This novel of modern Oklahoma is something of an enigma.
It tells the story of a girl named Novalee Nation, from the time when she is 17 years old until she is in her mid-twenties. Eight months pregnant, naïve, and actually somewhat ignorant, she has left her home in Tellico Plains, Tennessee with her boyfriend Willie Jack Pickens and is headed for Bakersfield, California.
Novalee is quite charming in her ignorance. She believes that the number seven always brings her bad luck. After all, on her seventh birthday, her mother ran away with a baseball player, leaving her to the kindness of friends and orphanages, in the seventh grade, her only friend got sent to the Tennessee State School for Girls, and when she got stabbed in the arm at the bar she worked at, the wound required seventy-seven stitches.
When her shoes fall through the floor of the car and she has relieve her bladder, Willie Jack pulls into a Wal-Mart in Sequoyah, Oklahoma. He gives her ten dollars, then drives off and leaves her there. She figures it out when her change from the ten dollars comes to $7.77.
On her first day there, she meets three people who will be instrumental in her survival and good fortune: Sister Husband, a blue-haired lady who runs the town Welcome Wagon, Moses Whitecotton, a baby photographer, and Benny Goodluck, a Native American boy who gives her a buckeye tree. At a loss for what to do, she simply lives in the Wal-Mart, keeping tabs of how much she owes them for the products she uses. When the buckeye tree starts to get sickly, she goes to the town library and meets Forney Hull. A strange young man addicted to knowledge, Forney runs the library while his sister, the alcoholic librarian, lives upstairs. He becomes extremely protective of Novalee and he busts a plate glass window in the Wal-Mart to help her when she gives birth to a daughter. Cautioned by Moses that she must give her baby a very strong name, she names the girl Americus.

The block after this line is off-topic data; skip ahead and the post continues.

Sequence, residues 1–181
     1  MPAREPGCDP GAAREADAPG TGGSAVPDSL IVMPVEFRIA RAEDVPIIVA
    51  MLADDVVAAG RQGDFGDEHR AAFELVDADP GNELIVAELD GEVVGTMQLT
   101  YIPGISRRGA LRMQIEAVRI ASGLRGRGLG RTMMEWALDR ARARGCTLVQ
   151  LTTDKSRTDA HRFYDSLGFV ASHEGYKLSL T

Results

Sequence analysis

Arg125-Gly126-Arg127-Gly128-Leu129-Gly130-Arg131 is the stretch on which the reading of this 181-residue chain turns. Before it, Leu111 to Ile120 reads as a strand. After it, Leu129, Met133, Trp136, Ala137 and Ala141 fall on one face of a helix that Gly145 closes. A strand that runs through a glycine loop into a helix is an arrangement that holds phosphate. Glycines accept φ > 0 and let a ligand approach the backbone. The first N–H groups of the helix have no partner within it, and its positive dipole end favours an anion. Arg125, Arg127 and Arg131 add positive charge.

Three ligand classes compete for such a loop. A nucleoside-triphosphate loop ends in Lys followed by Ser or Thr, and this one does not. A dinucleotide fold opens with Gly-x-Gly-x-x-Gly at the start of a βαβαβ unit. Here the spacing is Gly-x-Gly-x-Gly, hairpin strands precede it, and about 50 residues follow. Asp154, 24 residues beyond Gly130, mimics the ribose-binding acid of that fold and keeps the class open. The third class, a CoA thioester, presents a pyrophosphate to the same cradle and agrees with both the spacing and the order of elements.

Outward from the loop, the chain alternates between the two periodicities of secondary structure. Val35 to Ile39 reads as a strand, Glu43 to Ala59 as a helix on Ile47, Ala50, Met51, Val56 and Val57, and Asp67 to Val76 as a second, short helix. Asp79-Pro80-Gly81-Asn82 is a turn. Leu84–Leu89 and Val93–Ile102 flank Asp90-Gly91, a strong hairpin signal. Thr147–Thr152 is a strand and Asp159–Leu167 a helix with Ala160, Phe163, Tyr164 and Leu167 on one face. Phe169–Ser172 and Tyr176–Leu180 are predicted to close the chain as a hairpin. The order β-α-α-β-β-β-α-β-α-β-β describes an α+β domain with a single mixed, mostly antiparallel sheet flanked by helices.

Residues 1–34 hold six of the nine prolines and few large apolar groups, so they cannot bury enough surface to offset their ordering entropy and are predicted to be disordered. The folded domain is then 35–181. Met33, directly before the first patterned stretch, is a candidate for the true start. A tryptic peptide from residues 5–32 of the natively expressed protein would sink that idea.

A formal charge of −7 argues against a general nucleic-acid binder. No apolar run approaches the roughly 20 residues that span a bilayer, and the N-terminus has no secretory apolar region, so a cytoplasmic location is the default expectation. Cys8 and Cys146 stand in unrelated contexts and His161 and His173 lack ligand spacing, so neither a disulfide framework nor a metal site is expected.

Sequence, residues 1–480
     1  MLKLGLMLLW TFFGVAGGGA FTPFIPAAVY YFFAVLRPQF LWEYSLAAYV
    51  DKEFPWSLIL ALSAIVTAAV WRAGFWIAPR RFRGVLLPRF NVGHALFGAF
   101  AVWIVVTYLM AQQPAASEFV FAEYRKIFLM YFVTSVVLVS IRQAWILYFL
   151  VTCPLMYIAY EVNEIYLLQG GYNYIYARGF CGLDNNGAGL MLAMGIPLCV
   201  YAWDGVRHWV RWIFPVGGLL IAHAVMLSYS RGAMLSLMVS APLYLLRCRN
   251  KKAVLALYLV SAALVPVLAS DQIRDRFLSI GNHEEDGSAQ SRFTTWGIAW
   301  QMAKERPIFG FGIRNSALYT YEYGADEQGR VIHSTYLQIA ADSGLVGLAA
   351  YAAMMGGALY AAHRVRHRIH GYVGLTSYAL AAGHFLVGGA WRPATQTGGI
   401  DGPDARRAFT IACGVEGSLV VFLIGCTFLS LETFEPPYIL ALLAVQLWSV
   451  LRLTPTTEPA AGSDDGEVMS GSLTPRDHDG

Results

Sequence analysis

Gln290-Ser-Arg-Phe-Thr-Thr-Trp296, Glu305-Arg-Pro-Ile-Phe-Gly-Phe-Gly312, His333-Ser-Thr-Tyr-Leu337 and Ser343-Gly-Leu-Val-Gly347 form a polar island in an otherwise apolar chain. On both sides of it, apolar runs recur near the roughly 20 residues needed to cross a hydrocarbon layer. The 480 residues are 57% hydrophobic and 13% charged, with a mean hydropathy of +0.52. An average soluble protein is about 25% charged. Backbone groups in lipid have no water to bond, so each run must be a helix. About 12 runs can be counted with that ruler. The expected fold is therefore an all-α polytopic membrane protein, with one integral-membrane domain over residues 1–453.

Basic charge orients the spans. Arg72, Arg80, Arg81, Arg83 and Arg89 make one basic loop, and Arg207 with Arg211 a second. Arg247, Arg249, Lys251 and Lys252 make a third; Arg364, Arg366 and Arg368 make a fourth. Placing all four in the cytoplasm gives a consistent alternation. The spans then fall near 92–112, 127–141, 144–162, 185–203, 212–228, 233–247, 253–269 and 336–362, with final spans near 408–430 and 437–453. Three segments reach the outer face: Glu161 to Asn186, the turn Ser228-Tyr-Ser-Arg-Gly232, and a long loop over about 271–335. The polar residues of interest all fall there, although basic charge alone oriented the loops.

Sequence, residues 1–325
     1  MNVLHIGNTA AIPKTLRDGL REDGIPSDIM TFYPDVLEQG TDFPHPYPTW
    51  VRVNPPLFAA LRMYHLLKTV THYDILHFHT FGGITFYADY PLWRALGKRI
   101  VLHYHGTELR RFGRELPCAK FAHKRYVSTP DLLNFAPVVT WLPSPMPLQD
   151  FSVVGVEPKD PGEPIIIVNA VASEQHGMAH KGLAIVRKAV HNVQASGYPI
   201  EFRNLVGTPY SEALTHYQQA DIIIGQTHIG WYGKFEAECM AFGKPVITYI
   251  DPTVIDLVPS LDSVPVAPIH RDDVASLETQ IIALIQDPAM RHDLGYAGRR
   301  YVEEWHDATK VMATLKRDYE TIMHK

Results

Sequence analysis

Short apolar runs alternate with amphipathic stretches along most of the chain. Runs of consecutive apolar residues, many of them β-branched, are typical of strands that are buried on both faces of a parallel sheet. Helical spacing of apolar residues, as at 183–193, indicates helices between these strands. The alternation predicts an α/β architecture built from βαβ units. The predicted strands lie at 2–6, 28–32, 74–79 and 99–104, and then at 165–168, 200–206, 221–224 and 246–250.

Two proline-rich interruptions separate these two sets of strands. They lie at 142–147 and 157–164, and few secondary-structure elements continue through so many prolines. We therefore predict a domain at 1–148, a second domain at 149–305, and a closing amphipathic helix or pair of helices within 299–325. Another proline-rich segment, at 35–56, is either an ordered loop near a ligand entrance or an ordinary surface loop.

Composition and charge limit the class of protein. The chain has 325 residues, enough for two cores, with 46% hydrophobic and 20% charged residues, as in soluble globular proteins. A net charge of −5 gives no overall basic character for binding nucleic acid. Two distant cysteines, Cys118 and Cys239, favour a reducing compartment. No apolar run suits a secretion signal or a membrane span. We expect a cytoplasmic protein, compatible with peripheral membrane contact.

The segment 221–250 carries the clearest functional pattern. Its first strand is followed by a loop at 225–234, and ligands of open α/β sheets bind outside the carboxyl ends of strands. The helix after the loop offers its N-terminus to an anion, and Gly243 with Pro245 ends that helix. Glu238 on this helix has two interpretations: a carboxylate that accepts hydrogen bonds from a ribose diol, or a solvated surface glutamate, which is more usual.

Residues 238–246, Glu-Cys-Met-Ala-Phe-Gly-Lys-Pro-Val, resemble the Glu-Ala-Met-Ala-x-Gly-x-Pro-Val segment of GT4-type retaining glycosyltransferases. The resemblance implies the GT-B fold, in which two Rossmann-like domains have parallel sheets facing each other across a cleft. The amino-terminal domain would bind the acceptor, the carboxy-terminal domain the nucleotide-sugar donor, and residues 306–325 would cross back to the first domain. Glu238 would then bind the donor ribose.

A reader might derive from this that the novel is all about a naïve person overcoming their background to make a success of their life—and it’s true that part of the novel is definitely about that. All of the strange and interesting names would also suggest an air of goofy whimsy—and it’s true that part of the novel fits that description. In fact, there is such a relaxed, fun, and goofy feeling about the book that the hard parts seem to come out of the blue. However, they do not. The gritty, sexually perverse parts of the novel only accent how important it is to appreciate the good things in your life, the people who are important to you, and the value of overcoming even the deepest, darkest adversity.
If the book has any theme, though, it is a message to young women: do not base your sexual or long-term relationships on how a boy looks or how much money a man makes. While Novalee and Lexi make a long string of mistakes, their lives are contrasted sharply with Sister Husband, whose one illicit relationship carries far more love than that of Willie Jack or any of the men who have left Lexi with children—or the one man who left her beaten and sodomized her children. It is a very good feeling when both of these incredible women finally figure out what is important.
This novel is quite an achievement. You can hear Oklahoma on every page with the voice of the author, in the sound of the characters’ voices, in the wind blowing across the prairie. It is inspiring, uplifting, and yet gritty and realistic.
I highly recommend this book!